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. 2020 Apr;35(4):1153-1160.
doi: 10.1007/s11606-020-05653-0. Epub 2020 Feb 10.

Adherence to the SEP-1 Sepsis Bundle in Hospital-Onset v. Community-Onset Sepsis: A Multicenter Retrospective Cohort Study

Free PMC article

Adherence to the SEP-1 Sepsis Bundle in Hospital-Onset v. Community-Onset Sepsis: A Multicenter Retrospective Cohort Study

Jonathan D Baghdadi et al. J Gen Intern Med. .
Free PMC article


Background: Sepsis is the leading cause of in-hospital death. The SEP-1 sepsis bundle is a protocol for early sepsis care that requires providers to diagnose and treat sepsis quickly. Limited evidence suggests that adherence to the sepsis bundle is lower in cases of hospital-onset sepsis.

Objective: To compare sepsis bundle adherence in hospital-onset vs. community-onset sepsis.

Design: Retrospective cohort study using multivariable analysis of clinical data.

Participants: A total of 4658 inpatients age 18 or older were identified by diagnosis codes consistent with sepsis or disseminated infection.

Setting: Four university hospitals in California between 2014 and 2016.

Main outcomes and measures: The primary outcome was adherence to key components of the sepsis bundle defined by the Centers for Medicare and Medicaid Services in their core measure, SEP-1. Covariates included clinical characteristics related to the patient, infection, and pathogen.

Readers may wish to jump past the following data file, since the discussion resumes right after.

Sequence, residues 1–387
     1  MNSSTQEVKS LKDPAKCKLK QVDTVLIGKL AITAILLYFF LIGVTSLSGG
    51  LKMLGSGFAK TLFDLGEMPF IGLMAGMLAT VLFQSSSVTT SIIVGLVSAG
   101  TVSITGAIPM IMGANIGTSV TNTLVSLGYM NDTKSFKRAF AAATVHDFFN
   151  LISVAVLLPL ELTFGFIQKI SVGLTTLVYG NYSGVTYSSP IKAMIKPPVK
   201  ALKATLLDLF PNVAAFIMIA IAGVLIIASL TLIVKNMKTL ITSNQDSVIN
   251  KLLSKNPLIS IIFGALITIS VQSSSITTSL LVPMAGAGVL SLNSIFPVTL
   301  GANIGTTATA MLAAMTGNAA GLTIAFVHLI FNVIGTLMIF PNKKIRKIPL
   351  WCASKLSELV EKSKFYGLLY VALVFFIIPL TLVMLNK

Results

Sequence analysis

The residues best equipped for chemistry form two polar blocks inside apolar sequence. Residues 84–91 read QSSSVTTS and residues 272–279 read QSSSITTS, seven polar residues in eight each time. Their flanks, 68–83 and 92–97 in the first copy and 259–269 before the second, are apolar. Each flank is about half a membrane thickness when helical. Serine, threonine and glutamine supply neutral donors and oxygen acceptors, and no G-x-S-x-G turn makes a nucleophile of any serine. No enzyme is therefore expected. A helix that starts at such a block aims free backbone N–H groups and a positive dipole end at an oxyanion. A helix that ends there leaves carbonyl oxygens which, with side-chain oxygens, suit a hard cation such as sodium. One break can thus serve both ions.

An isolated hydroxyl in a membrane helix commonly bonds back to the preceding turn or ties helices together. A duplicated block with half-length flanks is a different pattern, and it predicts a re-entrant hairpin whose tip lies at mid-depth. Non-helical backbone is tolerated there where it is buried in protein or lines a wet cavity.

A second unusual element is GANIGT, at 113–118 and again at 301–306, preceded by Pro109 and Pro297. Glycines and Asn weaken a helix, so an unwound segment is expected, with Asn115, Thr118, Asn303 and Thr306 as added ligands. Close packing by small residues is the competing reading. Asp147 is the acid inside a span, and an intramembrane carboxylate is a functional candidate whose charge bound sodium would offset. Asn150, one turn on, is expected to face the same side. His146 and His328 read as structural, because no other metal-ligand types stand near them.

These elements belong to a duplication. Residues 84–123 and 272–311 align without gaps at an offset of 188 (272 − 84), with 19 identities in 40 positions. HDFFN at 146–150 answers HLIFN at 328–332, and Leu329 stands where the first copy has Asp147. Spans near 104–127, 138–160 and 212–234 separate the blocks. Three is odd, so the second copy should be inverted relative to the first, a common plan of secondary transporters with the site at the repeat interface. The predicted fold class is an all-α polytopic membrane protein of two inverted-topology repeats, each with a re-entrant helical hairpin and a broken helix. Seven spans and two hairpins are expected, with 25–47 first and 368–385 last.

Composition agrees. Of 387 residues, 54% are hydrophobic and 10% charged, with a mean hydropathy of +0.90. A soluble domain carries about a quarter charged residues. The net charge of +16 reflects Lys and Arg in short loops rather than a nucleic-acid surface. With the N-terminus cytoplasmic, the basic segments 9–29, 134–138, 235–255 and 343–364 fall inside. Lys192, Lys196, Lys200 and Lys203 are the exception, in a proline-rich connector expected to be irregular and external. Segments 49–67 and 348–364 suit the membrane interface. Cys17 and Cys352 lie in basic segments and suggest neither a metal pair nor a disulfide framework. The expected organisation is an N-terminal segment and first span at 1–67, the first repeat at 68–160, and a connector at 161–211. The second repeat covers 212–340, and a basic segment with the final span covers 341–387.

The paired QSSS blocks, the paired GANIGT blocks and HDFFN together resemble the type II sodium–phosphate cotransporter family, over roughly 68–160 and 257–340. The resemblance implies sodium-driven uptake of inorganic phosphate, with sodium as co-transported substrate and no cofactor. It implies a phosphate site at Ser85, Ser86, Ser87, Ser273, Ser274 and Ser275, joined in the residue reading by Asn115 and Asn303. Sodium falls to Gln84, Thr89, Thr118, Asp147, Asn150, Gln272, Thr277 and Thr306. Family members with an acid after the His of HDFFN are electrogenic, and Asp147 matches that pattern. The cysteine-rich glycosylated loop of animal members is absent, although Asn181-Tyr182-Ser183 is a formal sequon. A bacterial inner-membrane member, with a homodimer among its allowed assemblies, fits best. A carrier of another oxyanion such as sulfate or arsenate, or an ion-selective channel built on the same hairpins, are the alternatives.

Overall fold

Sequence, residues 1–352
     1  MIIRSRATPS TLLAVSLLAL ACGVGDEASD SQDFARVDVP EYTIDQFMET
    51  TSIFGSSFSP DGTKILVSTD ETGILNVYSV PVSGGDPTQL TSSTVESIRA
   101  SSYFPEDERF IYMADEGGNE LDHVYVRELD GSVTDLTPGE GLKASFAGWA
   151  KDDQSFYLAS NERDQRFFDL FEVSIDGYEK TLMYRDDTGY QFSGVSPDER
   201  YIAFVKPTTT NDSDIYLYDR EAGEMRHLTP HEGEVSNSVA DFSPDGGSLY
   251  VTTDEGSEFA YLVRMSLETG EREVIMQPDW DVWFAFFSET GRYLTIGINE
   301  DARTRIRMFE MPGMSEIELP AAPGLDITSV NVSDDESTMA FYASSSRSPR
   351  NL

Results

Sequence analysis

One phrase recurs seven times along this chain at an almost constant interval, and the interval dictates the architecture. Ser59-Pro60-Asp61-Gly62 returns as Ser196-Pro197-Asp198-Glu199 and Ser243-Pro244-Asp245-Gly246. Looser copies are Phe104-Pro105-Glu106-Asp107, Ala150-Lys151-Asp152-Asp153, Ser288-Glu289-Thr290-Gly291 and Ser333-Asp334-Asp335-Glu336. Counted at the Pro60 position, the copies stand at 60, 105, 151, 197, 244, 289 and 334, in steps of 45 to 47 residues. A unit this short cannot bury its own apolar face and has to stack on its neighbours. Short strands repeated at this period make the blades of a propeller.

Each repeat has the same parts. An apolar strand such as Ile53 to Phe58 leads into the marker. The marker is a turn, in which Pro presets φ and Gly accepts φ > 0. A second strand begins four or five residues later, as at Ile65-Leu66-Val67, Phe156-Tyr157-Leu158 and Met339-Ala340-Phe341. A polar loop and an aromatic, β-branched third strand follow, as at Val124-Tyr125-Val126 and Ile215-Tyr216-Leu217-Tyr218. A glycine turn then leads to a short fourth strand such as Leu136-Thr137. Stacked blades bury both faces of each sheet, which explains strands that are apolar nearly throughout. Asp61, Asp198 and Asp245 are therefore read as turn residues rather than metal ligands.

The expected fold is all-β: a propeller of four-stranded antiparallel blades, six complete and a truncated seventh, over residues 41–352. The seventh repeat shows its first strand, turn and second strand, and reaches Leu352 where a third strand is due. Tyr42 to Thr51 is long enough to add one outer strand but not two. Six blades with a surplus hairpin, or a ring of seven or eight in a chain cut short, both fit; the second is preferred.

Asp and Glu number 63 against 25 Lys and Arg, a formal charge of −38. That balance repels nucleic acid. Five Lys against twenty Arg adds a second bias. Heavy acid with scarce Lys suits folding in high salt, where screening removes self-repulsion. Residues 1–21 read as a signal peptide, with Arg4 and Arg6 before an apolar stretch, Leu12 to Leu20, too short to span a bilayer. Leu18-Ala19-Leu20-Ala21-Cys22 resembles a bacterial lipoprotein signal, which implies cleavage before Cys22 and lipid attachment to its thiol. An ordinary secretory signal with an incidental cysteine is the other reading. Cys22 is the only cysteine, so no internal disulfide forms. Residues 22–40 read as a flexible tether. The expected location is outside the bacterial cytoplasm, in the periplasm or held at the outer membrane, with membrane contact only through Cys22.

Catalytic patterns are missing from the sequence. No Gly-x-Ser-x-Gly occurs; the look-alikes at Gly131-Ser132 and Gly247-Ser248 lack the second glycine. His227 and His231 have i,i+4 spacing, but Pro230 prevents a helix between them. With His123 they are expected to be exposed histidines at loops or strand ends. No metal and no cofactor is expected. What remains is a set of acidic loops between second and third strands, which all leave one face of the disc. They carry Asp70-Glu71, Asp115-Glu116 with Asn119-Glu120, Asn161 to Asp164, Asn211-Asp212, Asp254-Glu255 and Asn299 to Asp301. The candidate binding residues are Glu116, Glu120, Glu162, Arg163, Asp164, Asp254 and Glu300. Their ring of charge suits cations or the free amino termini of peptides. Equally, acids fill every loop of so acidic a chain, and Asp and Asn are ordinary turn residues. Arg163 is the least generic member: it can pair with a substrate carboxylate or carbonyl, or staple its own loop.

Key results: Compared with community-onset, cases of hospital-onset sepsis were less likely to receive SEP-1 adherent care (relative risk 0.33, 95% confidence interval 0.29-0.38, p < 0.001). With the exception of vasopressors (RR 1.11, p = 0.002), each component of SEP-1 evaluated-blood cultures (RR 0.76, p < 0.001), serum lactate (RR 0.51, p < 0001), broad-spectrum antibiotics (RR 0.62, p < 0.001), intravenous fluids (0.47, p < 0.001), and follow-up lactate (RR 0.71, p < 0.001)-was less likely to be performed within the recommended time frame in hospital-onset sepsis. Within the hospital, cases of hospital-onset sepsis arising on the ward were less likely to receive SEP-1-adherent care than were cases arising in the intensive care unit (RR 0.68, p = 0.004).

Conclusions: Inpatients with hospital-onset sepsis receive different management than individuals with community-onset sepsis. It remains to be determined whether system-level factors, provider-level factors, or factors related to measurement explain the observed variation in care or whether variation in care affects outcomes.

Keywords: critical care; health services research; hospital medicine; infectious disease; performance measurement.

Conflict of interest statement

The authors declare that they do not have a conflict of interest.

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